Aviation In Canada

Friday, September 30, 2005

Vectored Approaches in a Non-Terminal Area

Something I just realized that I didn't answer was one reader's question about being told not to expect a vector if another controller weren't available to help the controller who was working his flight. There are all kinds of possible reasons for this, but they essentially come down to the same thing: Division of workload.

The more air traffic controllers there are available to work in a given area, the more focussed a controller can be in a given area. That's the whole background to ATC and "sectorization" of airspace. There is an infamous, if not hated quote from a controller in Moncton Center from years ago: "Give me two good men and an ashtray and I'll work the whole center." Tongue in cheek, of course, but his point of view is that some people were complaining about putting too much airspace together, not allowing them to watch the finer details and help pilots in their operation.

One of the requirements that ATC has is to watch all of his airspace, plus a margin for taking hand-offs and so forth. If staffing is low, requiring the "consolidation" of airspace into a smaller number of radar screens, each controller working must watch more airspace. This means that he has more airports to watch over, more enroute traffic to concern himself with, and must watch a larger range. Vectoring to final may become difficult, or at the very least inefficient, since it is harder to vector accurately when you watch a large range. Terminal control units, who vector regularly and use as little as 3 NM between aircraft, are very focussed and are always one a much smaller range than their enroute counterparts since their repsonsibilities often include a very small area and only a small number of busier airports. It's easier to determine, with accuracy, where a vector will take an aircraft if you're watching a 60 mile range than if you're watching 500 miles from side to side.

Also, even if the airspace a controller is watching is comparatively small, there are always a number of other duties that must be tended to. For example, in a busier enroute sector, there may be handoffs to neighbouring ATC units, incoming phone calls from other facilities, and coordination of flight data between controllers. None of the above mentioned activities can be heard on the radios, so it may sound like the controller isn't busy but he may very well be tied up. These activities all require the attention of the controller, as well as his voice. If he's talking to an adjacent ATC unit, he can't issue you a vector to final, and may end up "zinging" you through a localizer, which we all know wouldn't be a very efficient operation, and may be less than helpful at best.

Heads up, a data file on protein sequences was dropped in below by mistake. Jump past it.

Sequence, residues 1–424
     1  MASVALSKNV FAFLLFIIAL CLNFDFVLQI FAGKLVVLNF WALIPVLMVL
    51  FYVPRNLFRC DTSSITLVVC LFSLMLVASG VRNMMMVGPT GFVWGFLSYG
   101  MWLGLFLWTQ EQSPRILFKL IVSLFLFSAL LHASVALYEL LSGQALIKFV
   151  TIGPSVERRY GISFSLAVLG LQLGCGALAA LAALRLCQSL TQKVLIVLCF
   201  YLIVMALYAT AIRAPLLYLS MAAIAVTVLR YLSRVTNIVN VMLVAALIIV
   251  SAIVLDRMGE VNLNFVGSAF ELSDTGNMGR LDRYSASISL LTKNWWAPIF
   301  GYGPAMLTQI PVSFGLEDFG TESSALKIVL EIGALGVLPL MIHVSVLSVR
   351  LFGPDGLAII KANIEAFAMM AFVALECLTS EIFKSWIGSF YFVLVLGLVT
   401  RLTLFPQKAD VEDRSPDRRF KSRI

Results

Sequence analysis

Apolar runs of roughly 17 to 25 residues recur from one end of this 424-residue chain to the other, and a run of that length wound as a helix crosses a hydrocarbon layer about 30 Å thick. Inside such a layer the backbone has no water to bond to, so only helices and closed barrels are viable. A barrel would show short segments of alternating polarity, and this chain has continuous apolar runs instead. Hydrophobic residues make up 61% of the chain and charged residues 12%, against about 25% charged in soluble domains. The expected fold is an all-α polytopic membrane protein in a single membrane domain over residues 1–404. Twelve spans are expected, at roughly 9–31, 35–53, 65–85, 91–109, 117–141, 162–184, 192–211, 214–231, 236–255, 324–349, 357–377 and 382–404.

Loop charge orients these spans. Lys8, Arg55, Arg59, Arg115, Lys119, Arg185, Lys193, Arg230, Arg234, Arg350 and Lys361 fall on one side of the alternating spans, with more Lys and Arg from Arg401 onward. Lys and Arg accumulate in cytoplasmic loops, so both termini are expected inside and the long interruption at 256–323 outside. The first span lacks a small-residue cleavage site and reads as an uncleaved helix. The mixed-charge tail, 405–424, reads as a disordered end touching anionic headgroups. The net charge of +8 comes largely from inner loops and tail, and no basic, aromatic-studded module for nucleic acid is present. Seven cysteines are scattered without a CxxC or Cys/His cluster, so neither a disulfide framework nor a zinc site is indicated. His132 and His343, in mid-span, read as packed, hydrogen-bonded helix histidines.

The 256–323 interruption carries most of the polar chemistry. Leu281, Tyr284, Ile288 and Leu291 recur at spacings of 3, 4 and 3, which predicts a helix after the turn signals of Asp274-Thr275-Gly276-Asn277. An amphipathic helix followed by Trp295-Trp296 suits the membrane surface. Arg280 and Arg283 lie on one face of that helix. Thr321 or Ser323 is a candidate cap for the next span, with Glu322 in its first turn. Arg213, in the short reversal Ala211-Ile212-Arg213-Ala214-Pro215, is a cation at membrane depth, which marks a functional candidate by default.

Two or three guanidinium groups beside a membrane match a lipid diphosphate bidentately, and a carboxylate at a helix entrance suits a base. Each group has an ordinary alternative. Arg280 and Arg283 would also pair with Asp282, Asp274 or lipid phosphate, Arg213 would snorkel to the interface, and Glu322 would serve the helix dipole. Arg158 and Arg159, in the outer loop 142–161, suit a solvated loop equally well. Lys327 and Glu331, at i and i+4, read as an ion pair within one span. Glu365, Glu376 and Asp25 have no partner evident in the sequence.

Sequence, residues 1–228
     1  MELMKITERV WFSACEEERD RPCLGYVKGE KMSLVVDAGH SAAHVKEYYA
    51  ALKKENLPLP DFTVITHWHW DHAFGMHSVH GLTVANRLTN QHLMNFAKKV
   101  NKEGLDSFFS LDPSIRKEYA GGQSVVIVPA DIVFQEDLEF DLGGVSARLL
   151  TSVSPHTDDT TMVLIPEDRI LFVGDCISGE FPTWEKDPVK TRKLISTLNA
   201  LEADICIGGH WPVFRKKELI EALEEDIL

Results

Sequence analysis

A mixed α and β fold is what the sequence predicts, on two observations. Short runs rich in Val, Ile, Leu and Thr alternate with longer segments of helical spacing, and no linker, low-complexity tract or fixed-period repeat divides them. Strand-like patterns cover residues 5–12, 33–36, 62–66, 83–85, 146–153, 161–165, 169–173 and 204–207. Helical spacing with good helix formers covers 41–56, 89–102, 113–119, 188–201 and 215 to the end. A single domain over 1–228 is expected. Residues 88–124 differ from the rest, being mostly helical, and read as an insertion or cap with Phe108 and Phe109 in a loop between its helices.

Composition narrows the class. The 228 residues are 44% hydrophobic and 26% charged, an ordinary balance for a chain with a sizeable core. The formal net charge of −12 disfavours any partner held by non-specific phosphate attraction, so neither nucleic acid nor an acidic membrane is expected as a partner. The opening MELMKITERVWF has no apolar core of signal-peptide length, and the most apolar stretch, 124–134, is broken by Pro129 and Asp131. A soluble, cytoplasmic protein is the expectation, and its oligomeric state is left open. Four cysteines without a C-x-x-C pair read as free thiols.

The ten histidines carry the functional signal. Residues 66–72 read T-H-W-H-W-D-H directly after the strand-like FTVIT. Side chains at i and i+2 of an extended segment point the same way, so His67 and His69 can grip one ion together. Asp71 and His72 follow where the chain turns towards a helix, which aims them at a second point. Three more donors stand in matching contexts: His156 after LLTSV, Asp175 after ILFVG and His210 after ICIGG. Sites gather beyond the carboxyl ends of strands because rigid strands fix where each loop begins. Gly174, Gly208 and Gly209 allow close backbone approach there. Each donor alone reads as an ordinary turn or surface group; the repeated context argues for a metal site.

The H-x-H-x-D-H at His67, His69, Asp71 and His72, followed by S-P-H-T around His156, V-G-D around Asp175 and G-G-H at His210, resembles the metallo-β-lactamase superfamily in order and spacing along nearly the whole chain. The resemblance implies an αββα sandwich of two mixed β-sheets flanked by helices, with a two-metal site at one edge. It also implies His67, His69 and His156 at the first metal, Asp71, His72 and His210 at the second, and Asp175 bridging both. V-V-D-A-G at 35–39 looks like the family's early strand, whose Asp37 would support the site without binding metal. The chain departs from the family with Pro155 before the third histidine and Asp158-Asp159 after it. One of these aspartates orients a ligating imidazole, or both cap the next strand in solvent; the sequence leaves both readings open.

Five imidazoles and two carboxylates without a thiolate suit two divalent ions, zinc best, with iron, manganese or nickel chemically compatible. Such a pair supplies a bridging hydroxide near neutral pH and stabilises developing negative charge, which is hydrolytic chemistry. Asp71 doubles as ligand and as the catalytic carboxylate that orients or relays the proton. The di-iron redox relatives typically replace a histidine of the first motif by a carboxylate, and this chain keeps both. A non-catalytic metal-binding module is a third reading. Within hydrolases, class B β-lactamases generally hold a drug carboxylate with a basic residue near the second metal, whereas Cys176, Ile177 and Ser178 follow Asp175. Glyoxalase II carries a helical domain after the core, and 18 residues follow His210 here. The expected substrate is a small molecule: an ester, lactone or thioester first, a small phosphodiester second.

So if a controller says he can't vector you to final because of workload or because, "another controller isn't around to help," there may not be much you can do about it. And he's not necessarily being lazy or uninterested in helping out, either.

Thursday, September 29, 2005

Multiple Approaches - Uncontrolled Airports

To answer a recently asked question, and hopefully help some folks understand why things are the way they are, we'll look at uncontrolled airports and how things with ATC work when more than one IFR aircraft are inbound at the same time.

For starters, the rule that ATC has to work with is that only one aircraft may be cleared for an approach at an airport at a time. This holds true for all airports in controlled airspace, with the exception of those in a terminal environment. A terminal environment is one where ATC has radar to the ground, a tower in operation, appropriate radar and radio backups, and an airspace structure internally which allows for closer monitoring than the average enroute sector can accomplish. Most airports in Canada are in ATC sectors which are fairly large, and may not allow the controller to "range down" enough to actually watch things as close as a terminal control unit is organized to do. Add to that the radar coverage issue, and you'll see that most airports, even if radar coverage is good, are below radar coverage to the point that even if ATC could monitor the airspace on a small enough range, they wouldn't be able to see well enough to provide a terminal service at most of them.

So back to the multiple approaches outside of a terminal operation. Without the above mentioned abilities, ATC has to go back to the all-covering rule of one on approach at a time. In VFR weather, ATC may only clear one IFR aircraft for an approach to an airport at a time. This means that until the first one lands, the second one must be kept at an altitude above that of the inbound aircraft until he lands. In fact, ATC must protect for the possibility of a missed approach, too. So if #1 is on approach out of 2,300 feet and the missed approach altitude is 2,500 feet, then the lowest available altitude for #2 is 3,500 until #1 lands or cancels IFR. If the weather is IFR, then it gets a little worse. ATC must now wait until #1 lands and taxis clear of the runway to be used by #2 before he can clear him for the approach. If we get the "on time", then we can issue a lower altitude to #2, but we still can't clear him for the approach until #1 has taxied off the runway.

The same statements mentioned above are true for an airport where a control tower is in operation but terminal control service is not provided. Only one on approach at a time at these controlled airports.